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Powell v. Department of Corrections

Court of Appeals of Missouri, Western District, Second Division

June 23, 2015

JESSE POWELL, Appellant,
v.
DEPARTMENT OF CORRECTIONS, Respondent

Page 839

APPEAL FROM THE CIRCUIT COURT OF COLE COUNTY, MISSOURI. The Honorable Daniel R. Green, Judge.

Jesse Powell, Appellant, Pro se.

Caroline M. Coulter, for Respondent.

Before Division Two: Anthony Rex Gabbert, Presiding, Judge, Joseph M. Ellis, Judge and Karen King Mitchell, Judge. All concur.

OPINION

Joseph M. Ellis, Judge.

Page 840

Appellant Jesse Powell appeals pro se from the Circuit Court of Cole County's denial of his petition for a writ of mandamus. Appellant contends that the Missouri Department of Corrections (" the DOC" ) is impermissibly requiring him to serve his sentences in installments. For the following reasons, the appeal is dismissed.

On May 5, 2014, Appellant filed a writ of mandamus with the Circuit Court of Cole County in which he alleged that the DOC was unconstitutionally requiring him to serve his prison sentences in installments. The circuit court did not issue a preliminary order in mandamus as provided for in Rule 94.04, but rather issued a summons to the DOC.[1] The DOC subsequently filed suggestions in opposition to Appellant's writ petition.

On August 11, 2014, the circuit court issued its judgment and order denying Appellant's writ of mandamus. In its judgment, the circuit court expressly found that Appellant was not being unconstitutionally required to serve his sentences in installments. Appellant now appeals from the circuit court's denial of his writ petition.

Before we can address the merits of Appellant's argument, we must first determine whether we have authority to entertain this appeal. " Generally, when the circuit court denies a petition for writ of mandamus, the petitioner's proper course of action is not to appeal the denial but to file the writ in a higher court." Stone v. Mo. Dep't of Corrections, Prob. & Parole Bd., 313 S.W.3d 158, 160 (Mo. App. W.D. 2010). " By contrast, where a preliminary [order] is granted and the court then determines on the merits whether the writ should be made permanent, or quashed, then appeal is the proper remedy." Wheat v. Mo. Bd. of Prob. & Parole, 932 S.W.2d 835, 838 (Mo. App. W.D. 1996).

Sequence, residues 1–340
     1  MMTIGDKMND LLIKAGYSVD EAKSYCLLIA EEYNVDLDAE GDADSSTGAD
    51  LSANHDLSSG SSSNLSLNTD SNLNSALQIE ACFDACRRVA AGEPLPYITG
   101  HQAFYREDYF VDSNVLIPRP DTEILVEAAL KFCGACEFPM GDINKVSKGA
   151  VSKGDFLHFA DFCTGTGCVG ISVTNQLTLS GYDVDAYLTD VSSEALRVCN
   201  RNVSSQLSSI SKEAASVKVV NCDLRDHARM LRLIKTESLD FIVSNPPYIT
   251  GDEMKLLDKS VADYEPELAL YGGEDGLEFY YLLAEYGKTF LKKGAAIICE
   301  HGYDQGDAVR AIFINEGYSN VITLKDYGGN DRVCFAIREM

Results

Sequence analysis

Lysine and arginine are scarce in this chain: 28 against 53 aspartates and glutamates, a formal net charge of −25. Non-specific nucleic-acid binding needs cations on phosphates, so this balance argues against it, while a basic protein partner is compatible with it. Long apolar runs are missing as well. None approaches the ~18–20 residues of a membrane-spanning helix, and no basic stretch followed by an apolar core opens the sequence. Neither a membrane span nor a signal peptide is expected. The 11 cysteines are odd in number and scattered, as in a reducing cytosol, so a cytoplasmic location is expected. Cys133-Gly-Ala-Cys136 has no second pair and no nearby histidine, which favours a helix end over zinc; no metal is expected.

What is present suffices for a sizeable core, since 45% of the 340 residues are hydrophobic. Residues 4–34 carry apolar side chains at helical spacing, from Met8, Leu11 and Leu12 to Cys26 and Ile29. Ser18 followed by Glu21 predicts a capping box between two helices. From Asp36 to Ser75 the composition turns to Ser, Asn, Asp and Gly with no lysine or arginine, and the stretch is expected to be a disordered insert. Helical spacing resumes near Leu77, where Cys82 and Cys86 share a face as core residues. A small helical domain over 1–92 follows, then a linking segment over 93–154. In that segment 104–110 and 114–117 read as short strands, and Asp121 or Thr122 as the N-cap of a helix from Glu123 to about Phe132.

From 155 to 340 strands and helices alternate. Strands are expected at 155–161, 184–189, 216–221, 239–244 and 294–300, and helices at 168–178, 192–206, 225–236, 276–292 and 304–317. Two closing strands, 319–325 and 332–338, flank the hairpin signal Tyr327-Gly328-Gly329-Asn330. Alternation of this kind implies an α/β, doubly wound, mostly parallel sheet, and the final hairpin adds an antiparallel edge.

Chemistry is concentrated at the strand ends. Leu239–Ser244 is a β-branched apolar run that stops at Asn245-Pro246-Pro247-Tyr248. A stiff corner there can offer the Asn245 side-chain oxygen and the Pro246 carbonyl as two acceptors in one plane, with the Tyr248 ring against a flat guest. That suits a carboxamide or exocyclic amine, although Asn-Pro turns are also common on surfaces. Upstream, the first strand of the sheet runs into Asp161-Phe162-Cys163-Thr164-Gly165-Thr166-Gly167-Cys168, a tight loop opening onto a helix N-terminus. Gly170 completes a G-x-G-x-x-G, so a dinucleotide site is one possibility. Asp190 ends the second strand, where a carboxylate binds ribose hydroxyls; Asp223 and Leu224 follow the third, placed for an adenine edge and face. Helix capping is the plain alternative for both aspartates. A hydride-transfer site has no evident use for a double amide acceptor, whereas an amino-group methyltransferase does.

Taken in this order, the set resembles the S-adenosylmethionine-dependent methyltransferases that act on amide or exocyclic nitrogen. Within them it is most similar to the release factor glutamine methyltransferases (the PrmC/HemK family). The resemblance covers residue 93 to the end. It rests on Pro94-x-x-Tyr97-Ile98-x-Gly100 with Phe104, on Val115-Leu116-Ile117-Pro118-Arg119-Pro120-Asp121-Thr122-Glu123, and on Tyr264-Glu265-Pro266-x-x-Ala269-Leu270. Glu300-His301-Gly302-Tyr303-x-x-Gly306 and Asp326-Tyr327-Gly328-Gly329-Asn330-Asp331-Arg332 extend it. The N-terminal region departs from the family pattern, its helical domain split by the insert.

Here, the circuit court did not issue a preliminary order in mandamus as provided in Rule 94.04. Rather, it issued a summons to the DOC, a procedure not authorized by Rule 94. The Missouri Supreme Court recently had occasion to address this practice.

In United States Department of Veterans Affairs v. Boresi, 396 S.W.3d 356, 358 (Mo. banc 2013), the Department of Veterans Affairs (" the VA" ) sought to intervene in a workers' compensation case based on a federal statute authorizing intervention to recover benefits the VA had paid on behalf of the claimant worker as a result of the alleged work related injury. The administrative law judge (" ALJ" ) denied the motion, and the VA filed a petition for writ of mandamus in the Circuit Court of the City of St. Louis asking the court to direct the ALJ to permit the VA's intervention. Id. The circuit court did not issue a preliminary order of mandamus, but rather issued a summons to the ALJ, who then filed a response and suggestions in opposition. Id. The circuit court held a hearing and then denied the VA's writ petition. Id. The VA subsequently appealed to the Eastern District of this Court, and after opinion, the Supreme Court granted transfer. Id.

The Supreme Court chose to decide the appeal on its merits. In doing so, the Court chose its language carefully. It declared that " [a]n appeal will lie from the ...


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